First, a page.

As for the RAID set-up, I really don't see the need for such a set-up on a home computer unless you have your own secure data center or your computer must absolutely be up and running at all times. A RAID won't give you that much extra protection especially against fires, floods and theft. In my case, it's much easier to use a second drive as an external backup device which I keep stored off-site in a safety deposit box at the bank.

This way, it doesn't matter what happens to the computer. The data is always safe... in the safe! Posted Image

#4 of 7 RyanJM



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Posted December 19 2007 - 05:19 AM

Thanks for the input guys.
Seth, I had considered Raid 5 because it would be ideal, as you stated. However I was trying to use my motherboard's raid controller which is only 0 or 1. I'll have to check into raid cards and see how much they run. If they're not too expensive then it would probably be the best option since I could double my storage with 1 extra drive as you said. My processor is just an OC'd e6300. The fan/heatsink is about the size of a grapefruit Posted Image
I looked at that Dlink product. It looks pretty sweet. Only thing is that I can get the cables I need for $60 as opposed to that thing which is quite a bit more. I'll have to remember that for future upgrades.

Francois, I'm not worried about fire or flood, I'm worried about a drive physically failing to work. It is fairly common and if I hang on to these drives for a while it will likely happen eventually (I've had a drive fail before). In that case, I'd rather not lose 500GB worth of movies that will take an extremely long time to replace, if I even can. So in that sense, it's worth the $110 to me to make sure that even if one drive breaks I have a duplicate on standby.
As for what resolutions it can handle, I'm not sure. It's a Panasonic TH-42PX6U that I got last year, so I hope it's able to handle whatever.

#5 of 7 Francois Caron

Francois Caron


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Posted December 19 2007 - 06:58 AM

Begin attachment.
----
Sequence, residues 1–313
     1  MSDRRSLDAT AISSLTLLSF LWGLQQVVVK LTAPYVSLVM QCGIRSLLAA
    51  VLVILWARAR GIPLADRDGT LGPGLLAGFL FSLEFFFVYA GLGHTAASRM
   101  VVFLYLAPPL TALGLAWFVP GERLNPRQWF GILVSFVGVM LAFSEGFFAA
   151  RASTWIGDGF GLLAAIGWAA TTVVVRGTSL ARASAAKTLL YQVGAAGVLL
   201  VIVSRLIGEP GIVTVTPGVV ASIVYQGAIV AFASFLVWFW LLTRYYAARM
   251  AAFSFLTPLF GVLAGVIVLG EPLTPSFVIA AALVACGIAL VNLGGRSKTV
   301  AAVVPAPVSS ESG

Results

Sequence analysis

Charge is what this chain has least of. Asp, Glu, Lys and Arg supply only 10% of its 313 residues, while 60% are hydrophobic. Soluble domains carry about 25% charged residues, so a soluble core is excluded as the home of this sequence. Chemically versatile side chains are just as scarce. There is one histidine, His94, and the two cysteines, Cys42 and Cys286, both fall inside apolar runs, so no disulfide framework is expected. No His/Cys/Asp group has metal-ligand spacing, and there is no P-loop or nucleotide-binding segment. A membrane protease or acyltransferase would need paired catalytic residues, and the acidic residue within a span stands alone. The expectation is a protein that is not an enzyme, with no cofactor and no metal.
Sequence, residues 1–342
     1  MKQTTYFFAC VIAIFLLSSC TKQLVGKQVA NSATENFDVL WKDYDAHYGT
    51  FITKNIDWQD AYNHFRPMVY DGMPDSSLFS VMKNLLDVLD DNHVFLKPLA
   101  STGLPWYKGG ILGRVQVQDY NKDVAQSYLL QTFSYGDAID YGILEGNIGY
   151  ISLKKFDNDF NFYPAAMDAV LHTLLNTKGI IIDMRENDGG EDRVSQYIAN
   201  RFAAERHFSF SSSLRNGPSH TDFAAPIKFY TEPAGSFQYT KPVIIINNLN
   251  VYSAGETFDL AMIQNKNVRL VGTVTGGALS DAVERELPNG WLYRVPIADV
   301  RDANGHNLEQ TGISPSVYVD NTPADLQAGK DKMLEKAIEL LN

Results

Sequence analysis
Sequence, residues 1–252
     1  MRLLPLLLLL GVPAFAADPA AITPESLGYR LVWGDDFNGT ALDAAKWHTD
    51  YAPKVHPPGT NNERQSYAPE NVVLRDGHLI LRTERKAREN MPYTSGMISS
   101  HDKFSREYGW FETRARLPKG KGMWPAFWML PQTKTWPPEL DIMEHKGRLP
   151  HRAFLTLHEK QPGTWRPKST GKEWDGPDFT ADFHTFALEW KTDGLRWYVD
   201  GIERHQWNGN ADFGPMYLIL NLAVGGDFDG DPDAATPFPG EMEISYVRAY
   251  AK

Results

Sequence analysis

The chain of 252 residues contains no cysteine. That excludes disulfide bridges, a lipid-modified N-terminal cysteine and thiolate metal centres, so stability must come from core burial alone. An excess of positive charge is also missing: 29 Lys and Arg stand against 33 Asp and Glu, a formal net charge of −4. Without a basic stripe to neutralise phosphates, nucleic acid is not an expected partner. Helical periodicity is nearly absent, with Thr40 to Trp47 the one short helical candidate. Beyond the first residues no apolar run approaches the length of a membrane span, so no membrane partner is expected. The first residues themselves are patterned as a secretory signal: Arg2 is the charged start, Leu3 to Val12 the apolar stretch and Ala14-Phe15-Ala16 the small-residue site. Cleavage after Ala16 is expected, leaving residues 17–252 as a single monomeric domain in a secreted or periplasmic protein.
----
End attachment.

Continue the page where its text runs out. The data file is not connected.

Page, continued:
RyanJM, no problem. And do check out the Raid-5! It's always fun scaring people out of their minds when you pull out a drive while the computer is still running! Posted Image

One last thing. You can get DVI/HDMI cables. No need for a converter! I have such a 25 foot cable in my front projection set-up and it works perfectly.

#6 of 7 ChrisLazarko


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Posted December 19 2007 - 10:20 AM

Why bother with RAID? You're not going to see any performance extras from movies. If you're worried about back-up then buy an extra drive and copy over the stuff. It's not that tedious. RAID setups suck also because if you lose one drive, you lose both. Happened to me before a couple times actually. Stick with just using two drive without raid, and if you want a back-up drive then put one in.

#7 of 7 RyanJM



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Posted December 19 2007 - 04:42 PM

Chris, there are several different types of RAID. The type you are referring to is called RAID 0 and you're correct that it increases performance, but the risk is losing one drive makes the other useless without reformatting. Raid 1 is what I want. It's not a performance boost, but instead it's a real-time backup of the other drive. There's a bunch of stuff online if you're interested in learning more about it.